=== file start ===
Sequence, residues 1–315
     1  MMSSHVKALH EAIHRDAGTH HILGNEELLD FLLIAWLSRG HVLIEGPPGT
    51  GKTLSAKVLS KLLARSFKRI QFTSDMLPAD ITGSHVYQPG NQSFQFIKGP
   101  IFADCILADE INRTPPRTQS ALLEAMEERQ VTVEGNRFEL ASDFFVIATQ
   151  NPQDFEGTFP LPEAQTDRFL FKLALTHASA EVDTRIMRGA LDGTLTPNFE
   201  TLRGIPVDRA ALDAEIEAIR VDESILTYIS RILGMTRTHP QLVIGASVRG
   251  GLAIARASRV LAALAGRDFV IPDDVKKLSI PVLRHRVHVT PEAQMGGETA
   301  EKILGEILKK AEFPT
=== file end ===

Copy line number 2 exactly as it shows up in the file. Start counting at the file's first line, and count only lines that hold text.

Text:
     1  MMSSHVKALH EAIHRDAGTH HILGNEELLD FLLIAWLSRG HVLIEGPPGT